John Philoponus, Commentary on Aristotle's Physics, pp. 639.3-642.9 (Vitelli)

 

Such, then, is Aristotle's account in which he seeks to show that forced motion and motion contrary to nature could not take place if there were a void. But to me this argument does not seem to carry conviction. For in the first place really nothing has been adduced, sufficiently cogent to satisfy our minds, to the effect that motion contrary to nature or forced motion is caused in one of the ways enumerated by Aristotle. . . .

 

For in the case of antiperistasis [the process whereby P1 pushes P2 into P3's place, P2 pushes P3 into P4's place, ..., Pn-1 pushes Pn into P1's place] there are two possibilities; (1) the air that has been pushed forward by the projected arrow or stone moves back to the rear and takes the place of the arrow or stone, and being thus behind it pushes it on, the process continuing until the impetus of the missile is exhausted, or, (2) it is not the air pushed ahead but the air from the sides that takes the place of the missile. . . .

 

Let us suppose that antiperistasis takes place according to the first method indicated above, namely, that the air pushed forward by the arrow gets to the rear of the arrow and thus pushes it from behind. On that assumption, one would be hard put to it to say what it is (since there seems to be no counter force) that causes the air, once it has been pushed forward, to move back, that is along the sides of the arrow, and, after it reaches the rear of the arrow, to turn around once more and push the arrow forward. For, on this theory, the air in question must perform three distinct motions: it must be pushed forward by the arrow, then move back, and finally turn and proceed forward once more. Yet air is easily moved, and once set in motion travels a considerable distance. How, then, can the air, pushed by the arrow, fail to move in the direction of the impressed impulse, but instead, turning about, as by some command, retrace its course? Furthermore, how can this air, in so turning about, avoid being scattered into space, but instead impinge precisely on the notched end of the arrow and again push the arrow on and adhere to it? Such a view is quite incredible and borders rather on the fantastic.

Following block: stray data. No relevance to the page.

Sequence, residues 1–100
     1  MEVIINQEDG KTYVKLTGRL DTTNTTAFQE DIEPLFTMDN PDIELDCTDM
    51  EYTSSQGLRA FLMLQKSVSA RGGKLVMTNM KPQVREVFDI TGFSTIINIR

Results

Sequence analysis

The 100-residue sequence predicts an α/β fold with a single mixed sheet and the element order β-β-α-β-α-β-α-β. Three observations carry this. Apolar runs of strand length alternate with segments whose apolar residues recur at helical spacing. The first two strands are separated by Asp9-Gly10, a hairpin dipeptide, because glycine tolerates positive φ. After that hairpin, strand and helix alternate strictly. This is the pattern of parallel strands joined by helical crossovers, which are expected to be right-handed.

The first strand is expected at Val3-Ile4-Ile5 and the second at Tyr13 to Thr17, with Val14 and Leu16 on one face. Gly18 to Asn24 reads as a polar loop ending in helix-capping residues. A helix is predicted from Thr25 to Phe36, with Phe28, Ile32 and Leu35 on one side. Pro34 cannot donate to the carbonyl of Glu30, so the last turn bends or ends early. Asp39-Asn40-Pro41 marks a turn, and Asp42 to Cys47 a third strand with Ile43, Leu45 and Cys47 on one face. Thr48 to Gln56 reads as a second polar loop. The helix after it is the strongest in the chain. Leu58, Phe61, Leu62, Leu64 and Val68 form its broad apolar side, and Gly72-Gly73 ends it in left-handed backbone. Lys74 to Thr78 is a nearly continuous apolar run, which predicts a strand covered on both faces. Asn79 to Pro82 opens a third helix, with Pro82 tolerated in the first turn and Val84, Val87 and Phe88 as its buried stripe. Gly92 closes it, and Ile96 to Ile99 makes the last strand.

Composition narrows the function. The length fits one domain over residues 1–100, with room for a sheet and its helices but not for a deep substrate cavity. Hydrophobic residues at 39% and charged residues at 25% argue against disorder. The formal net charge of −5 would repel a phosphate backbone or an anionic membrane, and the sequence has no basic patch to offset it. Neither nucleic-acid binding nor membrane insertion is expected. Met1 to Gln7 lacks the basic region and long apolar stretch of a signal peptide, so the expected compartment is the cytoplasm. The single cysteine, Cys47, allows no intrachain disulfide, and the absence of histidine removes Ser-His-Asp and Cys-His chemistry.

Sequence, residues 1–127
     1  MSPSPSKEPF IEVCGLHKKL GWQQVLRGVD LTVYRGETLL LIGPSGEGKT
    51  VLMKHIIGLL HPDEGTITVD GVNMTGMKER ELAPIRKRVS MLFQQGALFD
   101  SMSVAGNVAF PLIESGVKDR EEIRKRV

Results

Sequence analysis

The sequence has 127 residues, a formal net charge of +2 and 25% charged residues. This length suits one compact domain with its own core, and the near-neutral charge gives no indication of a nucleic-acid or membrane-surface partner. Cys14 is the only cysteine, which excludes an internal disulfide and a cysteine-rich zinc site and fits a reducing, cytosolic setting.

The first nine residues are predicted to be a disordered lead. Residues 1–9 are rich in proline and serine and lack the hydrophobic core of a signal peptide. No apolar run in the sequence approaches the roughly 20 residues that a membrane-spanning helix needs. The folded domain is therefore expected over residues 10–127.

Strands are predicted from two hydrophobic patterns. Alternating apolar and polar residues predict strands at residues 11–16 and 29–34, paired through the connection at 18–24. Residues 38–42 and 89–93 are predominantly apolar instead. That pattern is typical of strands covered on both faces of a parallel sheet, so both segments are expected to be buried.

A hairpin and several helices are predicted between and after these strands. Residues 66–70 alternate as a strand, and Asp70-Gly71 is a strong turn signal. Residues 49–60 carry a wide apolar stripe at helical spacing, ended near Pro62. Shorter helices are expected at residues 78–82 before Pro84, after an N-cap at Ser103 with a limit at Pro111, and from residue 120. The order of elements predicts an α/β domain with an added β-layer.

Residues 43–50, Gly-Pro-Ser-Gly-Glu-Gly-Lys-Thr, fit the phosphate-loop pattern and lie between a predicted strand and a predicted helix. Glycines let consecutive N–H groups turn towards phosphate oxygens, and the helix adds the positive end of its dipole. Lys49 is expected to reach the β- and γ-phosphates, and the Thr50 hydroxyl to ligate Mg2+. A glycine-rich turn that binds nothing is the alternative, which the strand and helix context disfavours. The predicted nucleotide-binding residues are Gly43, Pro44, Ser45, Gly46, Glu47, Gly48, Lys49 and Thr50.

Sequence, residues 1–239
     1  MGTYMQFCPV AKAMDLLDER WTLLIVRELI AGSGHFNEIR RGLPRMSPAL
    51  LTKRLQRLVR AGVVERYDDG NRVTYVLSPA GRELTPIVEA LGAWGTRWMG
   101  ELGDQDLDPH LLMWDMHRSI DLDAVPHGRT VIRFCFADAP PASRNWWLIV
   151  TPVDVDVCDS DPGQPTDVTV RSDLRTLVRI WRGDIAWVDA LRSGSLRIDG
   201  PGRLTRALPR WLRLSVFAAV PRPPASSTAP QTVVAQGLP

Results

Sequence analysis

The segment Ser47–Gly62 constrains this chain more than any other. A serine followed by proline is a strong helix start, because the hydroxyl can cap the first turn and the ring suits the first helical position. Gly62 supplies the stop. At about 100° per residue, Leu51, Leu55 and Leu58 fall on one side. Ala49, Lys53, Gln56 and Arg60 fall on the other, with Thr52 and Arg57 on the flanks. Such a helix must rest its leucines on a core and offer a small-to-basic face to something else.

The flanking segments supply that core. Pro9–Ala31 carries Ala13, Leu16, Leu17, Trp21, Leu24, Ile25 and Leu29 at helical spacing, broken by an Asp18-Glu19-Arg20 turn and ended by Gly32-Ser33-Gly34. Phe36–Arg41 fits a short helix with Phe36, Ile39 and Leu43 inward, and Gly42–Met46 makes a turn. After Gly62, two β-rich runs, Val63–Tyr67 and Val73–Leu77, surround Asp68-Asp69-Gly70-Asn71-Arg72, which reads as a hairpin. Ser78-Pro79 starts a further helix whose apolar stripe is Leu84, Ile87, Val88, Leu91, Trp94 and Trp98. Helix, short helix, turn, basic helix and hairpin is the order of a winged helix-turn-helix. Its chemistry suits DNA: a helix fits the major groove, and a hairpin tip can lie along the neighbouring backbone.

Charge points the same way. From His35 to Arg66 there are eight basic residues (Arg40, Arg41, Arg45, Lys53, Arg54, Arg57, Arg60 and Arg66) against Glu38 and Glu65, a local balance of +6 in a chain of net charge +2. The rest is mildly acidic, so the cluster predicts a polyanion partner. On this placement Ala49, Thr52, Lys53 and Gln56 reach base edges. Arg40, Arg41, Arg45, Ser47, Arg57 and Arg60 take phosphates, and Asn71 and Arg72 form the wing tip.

Again, the air in front that has been pushed forward by the arrow is, clearly, subjected to some motion, and the arrow, too, moves continuously. How, then, can this air, pushed by the arrow, take the place of the arrow, that is, come into the place which the arrow has left? For before this air moves back, the air from the sides of the arrow and from behind it will come together and, because of the suction caused by the vacuum, will instantaneously fill up the place left by the arrow, particularly so the air moving along with the arrow from behind it. Now one might say that the air pushed forward by the arrow moves back and pushes, in its turn, the air that has taken the place of the arrow, and thus getting behind the arrow pushes it into the place vacated by the very air pushed forward (by the arrow) in the first instance. But in that case the motion of the arrow would have to be discontinuous. For before the air from the sides, which has taken the arrow's place, is itself pushed, the arrow is not moved. For this air does not move it. But if, indeed, it does, what need is there for the air in front to turn about and move back? And in any case, how or by what force could the air that had been pushed forward receive an impetus for motion in the opposite direction? . . .